If anything, the criminal complaint against Democratic Illinois Gov. Rod Blagojevich portrays President-elect Obama and his aides as good guys, since Blago is seen fuming, cursing at Obama for only offering "appreciation" in return for appointing his preferred Senate candidate, Valerie Jarrett.
But this isn’t just a complaint against a guy who happens to, coincidentally, also be a Chicago Democrat. Team Obama is all over the criminal complaint — as seemingly innocent characters, perhaps even potential victims, of the Blago drama. But they’re in there nonetheless, and that is highly unusual.
Incoming White House senior adviser Valerie Jarrett has her own pseudonym – Senate Candidate 1. So is some unnamed individual with ties to the Obama team. Blagojevich has many epithets for the President-elect himself. There are lots of questions about what any of them knew.
Then there’s the big question about how Blago was so sure — so angry — that Team Obama would not pay to play.
Who in the Obama Team was talking to the Governor’s office?
When they found out that Blago wanted to quid pro quo Team Obama (Jarrett gets the Senate seat if Blago gets a Cabinet position, or a good-paying job with a union-affiliated organization, or his wife gets a seat on some corporate boards) what did they do?
Did a member of Team Obama drop a dime on him?
As of now, the lack of answers from Team Obama is all we have. Obama sources say the silence is for two reasons: 1) this is a criminal investigation and they want to be careful about what they’re allowed to say, and 2) they want to talk to everyone, make sure they know just who spoke to whom, and then be able to give one definitive answer with no subsequent shoes dropping.
A problem with this is that President-elect Obama appeared before the cameras today for a previously-scheduled photo op with environmental guru Al Gore.
"Did you have any contact with or were you aware at all of what was happening with your Senate seat?" asked a reporter, the Wall Street’s Journal Jonathan Weisman.
"I had no contact with the Governor or his office," Obama said, "and so we were, I was not aware of what was happening."
As we noted, this contradicted a comment made by Obama senior aide David Axelrod, who told Fox News Chicago about Obama, "I know he’s talked to the governor" — about the Senate seat — "and there are a whole range of names, many of which have surfaced, and I think he has a fondness for a lot of them."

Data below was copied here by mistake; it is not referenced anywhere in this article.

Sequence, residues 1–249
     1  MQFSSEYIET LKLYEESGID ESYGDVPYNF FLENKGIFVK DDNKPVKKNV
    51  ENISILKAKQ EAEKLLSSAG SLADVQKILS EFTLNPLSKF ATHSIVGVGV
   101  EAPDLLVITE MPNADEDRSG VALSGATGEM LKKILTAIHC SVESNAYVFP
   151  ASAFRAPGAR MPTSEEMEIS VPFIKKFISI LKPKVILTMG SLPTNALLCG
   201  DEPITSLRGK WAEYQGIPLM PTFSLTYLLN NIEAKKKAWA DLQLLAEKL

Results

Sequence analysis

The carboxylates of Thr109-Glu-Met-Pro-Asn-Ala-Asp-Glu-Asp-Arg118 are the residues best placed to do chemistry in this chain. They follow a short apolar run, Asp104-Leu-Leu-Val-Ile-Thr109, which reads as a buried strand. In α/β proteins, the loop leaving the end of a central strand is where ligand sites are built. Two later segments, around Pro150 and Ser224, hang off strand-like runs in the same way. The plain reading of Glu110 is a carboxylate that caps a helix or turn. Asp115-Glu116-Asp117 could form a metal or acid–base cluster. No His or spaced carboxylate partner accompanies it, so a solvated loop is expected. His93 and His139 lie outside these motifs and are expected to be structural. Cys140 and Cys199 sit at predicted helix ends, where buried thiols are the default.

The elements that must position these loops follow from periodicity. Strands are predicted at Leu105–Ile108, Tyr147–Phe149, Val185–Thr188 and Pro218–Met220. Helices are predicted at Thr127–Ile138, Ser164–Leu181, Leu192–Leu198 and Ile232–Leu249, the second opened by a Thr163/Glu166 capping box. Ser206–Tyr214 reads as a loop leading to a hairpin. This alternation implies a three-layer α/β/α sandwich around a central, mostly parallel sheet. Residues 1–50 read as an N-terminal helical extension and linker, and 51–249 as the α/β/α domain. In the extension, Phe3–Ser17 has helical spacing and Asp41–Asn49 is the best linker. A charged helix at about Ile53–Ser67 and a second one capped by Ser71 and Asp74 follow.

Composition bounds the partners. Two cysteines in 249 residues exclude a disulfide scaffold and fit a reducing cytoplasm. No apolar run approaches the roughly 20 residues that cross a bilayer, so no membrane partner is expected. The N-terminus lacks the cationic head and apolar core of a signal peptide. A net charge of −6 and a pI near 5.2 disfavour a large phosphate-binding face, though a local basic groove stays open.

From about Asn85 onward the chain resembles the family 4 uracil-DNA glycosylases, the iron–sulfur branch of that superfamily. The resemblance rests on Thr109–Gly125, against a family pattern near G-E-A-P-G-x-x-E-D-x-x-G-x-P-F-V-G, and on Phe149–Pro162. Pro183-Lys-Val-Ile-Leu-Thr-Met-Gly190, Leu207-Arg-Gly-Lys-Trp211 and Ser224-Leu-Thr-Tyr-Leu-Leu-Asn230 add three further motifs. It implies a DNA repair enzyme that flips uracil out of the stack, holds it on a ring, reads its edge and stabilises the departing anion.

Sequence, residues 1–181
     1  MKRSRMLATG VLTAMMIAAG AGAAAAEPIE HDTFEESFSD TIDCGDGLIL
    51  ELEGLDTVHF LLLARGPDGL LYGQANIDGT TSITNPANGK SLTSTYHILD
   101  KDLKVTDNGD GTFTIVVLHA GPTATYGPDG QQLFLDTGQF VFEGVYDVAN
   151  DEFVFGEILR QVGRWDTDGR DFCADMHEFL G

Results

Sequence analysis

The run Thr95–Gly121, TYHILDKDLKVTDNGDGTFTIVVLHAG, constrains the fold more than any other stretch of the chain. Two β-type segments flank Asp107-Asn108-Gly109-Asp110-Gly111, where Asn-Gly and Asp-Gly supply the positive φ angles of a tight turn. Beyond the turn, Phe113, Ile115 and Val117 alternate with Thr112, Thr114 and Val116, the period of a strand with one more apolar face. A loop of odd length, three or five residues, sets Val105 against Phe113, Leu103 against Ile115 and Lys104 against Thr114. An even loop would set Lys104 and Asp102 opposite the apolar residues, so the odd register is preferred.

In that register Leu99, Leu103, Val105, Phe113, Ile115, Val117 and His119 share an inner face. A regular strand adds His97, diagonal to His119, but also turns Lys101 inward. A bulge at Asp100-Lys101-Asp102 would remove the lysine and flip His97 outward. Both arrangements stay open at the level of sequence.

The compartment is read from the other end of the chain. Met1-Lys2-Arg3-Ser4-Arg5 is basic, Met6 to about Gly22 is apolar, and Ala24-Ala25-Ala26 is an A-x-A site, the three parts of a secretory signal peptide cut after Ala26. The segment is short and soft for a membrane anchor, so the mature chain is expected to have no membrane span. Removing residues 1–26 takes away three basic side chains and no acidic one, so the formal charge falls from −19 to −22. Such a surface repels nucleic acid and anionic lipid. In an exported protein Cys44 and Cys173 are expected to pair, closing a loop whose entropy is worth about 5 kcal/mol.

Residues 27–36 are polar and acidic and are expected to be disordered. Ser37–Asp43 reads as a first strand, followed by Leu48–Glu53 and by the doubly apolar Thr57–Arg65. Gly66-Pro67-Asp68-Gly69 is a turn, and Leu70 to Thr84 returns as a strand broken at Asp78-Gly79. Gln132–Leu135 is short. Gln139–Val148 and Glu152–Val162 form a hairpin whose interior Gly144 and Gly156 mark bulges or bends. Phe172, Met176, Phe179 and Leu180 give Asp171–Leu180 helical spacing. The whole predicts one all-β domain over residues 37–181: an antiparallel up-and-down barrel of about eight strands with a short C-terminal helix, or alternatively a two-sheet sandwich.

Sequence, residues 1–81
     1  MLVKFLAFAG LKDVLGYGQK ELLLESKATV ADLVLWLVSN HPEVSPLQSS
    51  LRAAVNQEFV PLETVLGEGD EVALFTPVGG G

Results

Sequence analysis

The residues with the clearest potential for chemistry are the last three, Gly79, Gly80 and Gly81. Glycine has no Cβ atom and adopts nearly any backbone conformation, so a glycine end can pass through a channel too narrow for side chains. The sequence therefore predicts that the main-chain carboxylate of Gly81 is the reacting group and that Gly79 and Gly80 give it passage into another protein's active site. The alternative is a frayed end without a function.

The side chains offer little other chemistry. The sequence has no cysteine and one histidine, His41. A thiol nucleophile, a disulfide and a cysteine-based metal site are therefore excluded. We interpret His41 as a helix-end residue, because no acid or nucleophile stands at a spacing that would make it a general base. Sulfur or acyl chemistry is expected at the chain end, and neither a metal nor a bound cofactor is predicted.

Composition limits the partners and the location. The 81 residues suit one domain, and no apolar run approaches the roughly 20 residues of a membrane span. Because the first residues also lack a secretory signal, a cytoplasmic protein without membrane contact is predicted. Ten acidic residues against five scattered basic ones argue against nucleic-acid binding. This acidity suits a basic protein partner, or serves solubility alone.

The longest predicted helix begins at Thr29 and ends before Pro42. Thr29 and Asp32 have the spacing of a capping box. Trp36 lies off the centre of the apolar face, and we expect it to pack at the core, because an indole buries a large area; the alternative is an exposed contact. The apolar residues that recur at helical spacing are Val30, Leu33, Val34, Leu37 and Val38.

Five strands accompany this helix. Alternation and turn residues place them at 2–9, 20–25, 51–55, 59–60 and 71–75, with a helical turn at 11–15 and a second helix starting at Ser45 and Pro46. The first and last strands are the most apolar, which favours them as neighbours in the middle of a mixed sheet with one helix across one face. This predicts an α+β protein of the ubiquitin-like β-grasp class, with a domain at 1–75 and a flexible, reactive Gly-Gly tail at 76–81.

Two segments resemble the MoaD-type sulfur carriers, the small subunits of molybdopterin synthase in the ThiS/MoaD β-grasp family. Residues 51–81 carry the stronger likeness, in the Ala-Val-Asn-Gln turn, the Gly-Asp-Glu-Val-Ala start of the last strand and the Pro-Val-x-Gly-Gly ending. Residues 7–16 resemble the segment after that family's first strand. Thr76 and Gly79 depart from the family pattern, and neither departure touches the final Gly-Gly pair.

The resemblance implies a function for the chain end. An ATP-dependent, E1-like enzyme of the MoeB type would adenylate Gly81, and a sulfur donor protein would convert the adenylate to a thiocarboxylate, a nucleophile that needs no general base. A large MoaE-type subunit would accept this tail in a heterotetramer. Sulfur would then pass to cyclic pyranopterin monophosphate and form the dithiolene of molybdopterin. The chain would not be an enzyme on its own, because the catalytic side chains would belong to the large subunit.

Axelrod has since said he was "mistaken when I told an interviewer last month that the President-elect has spoken directly to Governor Blagojevich about the Senate vacancy. They did not then or at any time discuss the subject."
But there are other problems with Obama’s response as well.
Slate’s John Dickerson writes, Obama saying "I was not aware of what was happening" is "so vague as to be nearly meaningless" and "can mean anything you want it to. It can mean you weren’t aware of anything relating to the Senate seat, or that you weren’t aware the governor was trying to sell the Senate seat, or that you weren’t aware the governor was under federal investigation for trying to sell the Senate seat. ..Was Obama purposefully trying to be unclear? It’s hard to say. It’s a little hard to believe that he didn’t know anything that was happening relating to his old seat."
Then there’s that other part of Obama’s statement — the one that he self-corrects, mid-sentence: "We were, I was not aware of what was happening."
He starts off speaking for the Obama Team. "We were." Then he stops himself and goes back and speaks only for himself. "I was."
He was not aware of what was happening. Not sure about anyone else.
There’s nothing inherently wrong with this self-correction — giving Mr. Obama the benefit of the doubt, he was trying to be precise and presumably at that point he wasn’t sure of who in his team had talked to whom on Team Blago, if anyone.
But it does seem to indicate an unspoken acknowledgement that he doesn’t know the whole story, or at least didn’t at that point.
Sources close to Obama say that he found out about the arrest of Blagojevich at the same time we all did, this morning. But it would seem highly improbable that no one there knew anything.
On its website, President-elect Obama’s Transition Team is making a big deal about transparency, posting memos and information about meetings with various, largely supportive organizations.
True transparency means a little more than that, one might posit. It means telling voters about matters that aren’t entirely comfortable to share.
If one is just counting as being "transparent" the act of sharing meetings with environmental groups delighted to be counting down the days until Wyoming gets its favorite son back, then the notion might not mean much.
And that would mean that in order to truly be transparent, the American people need to find out as much as possible, as soon as possible, about what role anyone Team Obama played in any of the various shenanigans Gov. Blagojevich is accused of committing — or any others we don’t yet know about.